If you love to visit holiday train gardens you're in luck, Ellicott City boasts not just one, but three this season.
The Howard County Department of Fire and Rescue Services is hosting its 14th annual train garden at the Ellicott City Fire Station #2, 4150 Montgomery Road. The enormous 24- by 10-foot display features multi-level tracks with various trains pulsing through themed villages passing flashing train signals and special holiday figurines.
Admission to the Ellicott City Fire Station train garden is free, but donations are welcome. The station also serves as a collection place for unwrapped toys for needy children. Toy donations will be accepted through Friday, Dec. 23.
The display will be open until Jan. 1. Train garden hours are Wednesdays, Thursdays, Fridays from 6:30 to 8:30 p.m. and Saturdays and Sundays, 11 a.m. to 8:30 p.m., except on Christmas Eve (11 a.m.-4 p.m.), New Year's Day (11 a.m.-8:30 p.m. and Christmas Day (closed).
For more information, call the Ellicott CIty Fire Station community outreach hotline at 410-313-2036.
Historic Ellicott City's B&O Railroad Museum is hosting its "Holiday Festival of Trains," now open until Jan. 29, Wednesdays through Sundays from 11 a.m. to 4 p.m. The display features toy trains and model railroading including the ever-so-popular Thomas the Tank Engine and a new custom-built multi-level O-scale model train layout.
Be on the look-out for appearances by Santa and Frosty the Snowman. The museum is closed on Mondays, Tuesdays, Christmas Day and New Years's Eve Day. For more information, call the museum at 410-461-1945 or go to http://www.borail.org.
The Shrine of St. Anthony's Brother Gerry Seipp presents his Christmas Train Garden in the Manor House, 12290 Folly Quarter Road. Visit with Franciscan Friar Brother Gerry as he showcases his train collection that he started when he was a child.
The event is free and is held every Sunday in December and January from 3-5 p.m.,except on Christmas Day and New Year's Day. Admission is free and families are welcome. For more information, call The Shrine at 410-531-2800.
Summertime to many twenty-somethings is a time to reconnect with friends, visit the beach or take a relaxing trip. But for one 2010 Centennial high school graduate, this coming summer will be spent outdoors in the blistering sun for 70 days riding a bike over 4000 miles from Baltimore to Seattle.
"Am I nuts or am I nuts?", thought Raymond Kim before submitting his application to the 4K for Cancer - a nonprofit organization founded in 2001 by a group of undergraduates at Johns Hopkins University to combine their desire to fight cancer with their goal to bike cross country.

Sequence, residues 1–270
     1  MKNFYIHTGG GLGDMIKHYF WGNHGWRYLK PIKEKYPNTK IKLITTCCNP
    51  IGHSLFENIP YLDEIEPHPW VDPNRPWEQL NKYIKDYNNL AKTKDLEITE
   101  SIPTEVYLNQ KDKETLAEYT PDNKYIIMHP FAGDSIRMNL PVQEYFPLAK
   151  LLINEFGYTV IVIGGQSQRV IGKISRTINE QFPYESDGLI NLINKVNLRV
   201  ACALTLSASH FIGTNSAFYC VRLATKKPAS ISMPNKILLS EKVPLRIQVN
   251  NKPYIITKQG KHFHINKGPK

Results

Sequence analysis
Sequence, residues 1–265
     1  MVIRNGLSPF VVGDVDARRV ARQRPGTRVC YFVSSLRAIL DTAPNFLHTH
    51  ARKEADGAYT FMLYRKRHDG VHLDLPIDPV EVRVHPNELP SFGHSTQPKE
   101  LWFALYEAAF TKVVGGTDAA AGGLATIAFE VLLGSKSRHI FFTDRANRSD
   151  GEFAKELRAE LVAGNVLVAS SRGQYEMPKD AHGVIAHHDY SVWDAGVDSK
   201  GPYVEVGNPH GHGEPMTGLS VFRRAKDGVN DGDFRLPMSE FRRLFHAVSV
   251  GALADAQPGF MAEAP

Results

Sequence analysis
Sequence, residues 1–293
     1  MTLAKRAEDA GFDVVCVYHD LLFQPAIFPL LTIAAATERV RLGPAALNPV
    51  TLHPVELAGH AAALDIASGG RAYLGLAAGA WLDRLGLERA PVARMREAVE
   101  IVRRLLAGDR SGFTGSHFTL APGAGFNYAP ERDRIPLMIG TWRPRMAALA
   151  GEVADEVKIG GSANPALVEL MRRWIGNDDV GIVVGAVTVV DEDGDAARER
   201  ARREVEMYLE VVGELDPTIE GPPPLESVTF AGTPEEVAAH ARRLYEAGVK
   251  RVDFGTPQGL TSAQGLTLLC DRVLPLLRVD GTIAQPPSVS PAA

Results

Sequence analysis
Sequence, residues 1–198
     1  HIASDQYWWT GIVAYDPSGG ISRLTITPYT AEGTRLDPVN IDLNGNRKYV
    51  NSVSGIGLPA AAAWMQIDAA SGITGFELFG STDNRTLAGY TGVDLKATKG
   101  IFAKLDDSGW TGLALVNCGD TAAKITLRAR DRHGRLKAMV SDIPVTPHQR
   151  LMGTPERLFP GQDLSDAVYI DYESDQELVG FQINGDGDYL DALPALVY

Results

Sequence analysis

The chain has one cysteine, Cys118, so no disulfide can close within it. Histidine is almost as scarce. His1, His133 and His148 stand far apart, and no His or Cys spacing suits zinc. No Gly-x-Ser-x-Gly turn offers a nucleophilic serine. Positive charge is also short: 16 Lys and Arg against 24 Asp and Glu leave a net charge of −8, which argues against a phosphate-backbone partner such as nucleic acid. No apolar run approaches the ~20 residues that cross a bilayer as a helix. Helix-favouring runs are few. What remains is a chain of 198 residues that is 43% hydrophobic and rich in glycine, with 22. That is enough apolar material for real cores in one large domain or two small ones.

What finally motivated Kim, now a sophomore at the University of Notre Dame, to join the cross country bike fundraiser were two people in his life — his grandmother and a fellow high school student.
His first brush with the disease came when his beloved grandmother was diagnosed with late-stage lung cancer with no hope to even begin treatment. It was a hard blow for Kim whose grandmother was strong and healthy well into her late 80s.
"Seeing my grandmother fall helplessly to cancer and seeing my family suffering was an awakening in my life. Cancer doesn't discriminate. It is ruthless and brutal." Kim said.
Then, during high school he met fellow Centennial High student Keeley Imel who was diagnosed with brain cancer at the beginning of her freshman year. Imel's treatment would take her to St. Jude's Hospital, sometimes requiring her to leave school for months at a time. But according to Kim, no matter how long or how grueling the treatments away from home were Imel would always come back "the Keeley everyone knew.....greeting us with her smile like always."
"Her toughness and her resilience have helped me realize that there are people around the world going through so much more than the petty complaints we make everyday. The day I took for granted today, is the one extra day that those who died yesterday had sincerely wished for," Kim said.
This summer, Kim's journey across the United States will be in honor of his grandmother and his friend Keeley. He will join fellow Centennial High alum Ella Lee (who is also riding in honor of Keeley) and Marriotts RIdge alum Briana Boitano on 4K for Cancer's Team Seattle.
But in order to participate in the cross country ride, each biker must raise $4,500, which represents every mile they will be biking.
Kim told me that for every dollar someone contributes to his fundraising goal, he will dedicate a mile to their friend or family member who may currently be fighting cancer or have been affected by it in the past.
The riders began each morning with a dedication circle, where the riders share the names and stories of those people who they are dedicating the day to. Then, they write the names of those people on their legs to serve as a symbol of their dedication and as motivation throughout the day.
Since the first ride in 2002, hundreds of college students have biked across the country with 4K for Cancer. In fact, just last year, fellow Centennial alumni Mike Mahony, Nancy Ye, Katie Schofield and Alex Wang completed the ride and raised nearly $20,000 for cancer research and awareness.
For more information about Raymond Kim's 4K for Cancer ride or to make a donatation, go to his 4K for Cancer profile page at http://www.4kforcancer.org/profiles/raymond-kim < . Kim welcomes your words of encouragement, photos or stories. You can reach him by email at firstname.lastname@example.org.
Good luck Raymond, Ella and Briana!Copyright © 2015, The Baltimore Sun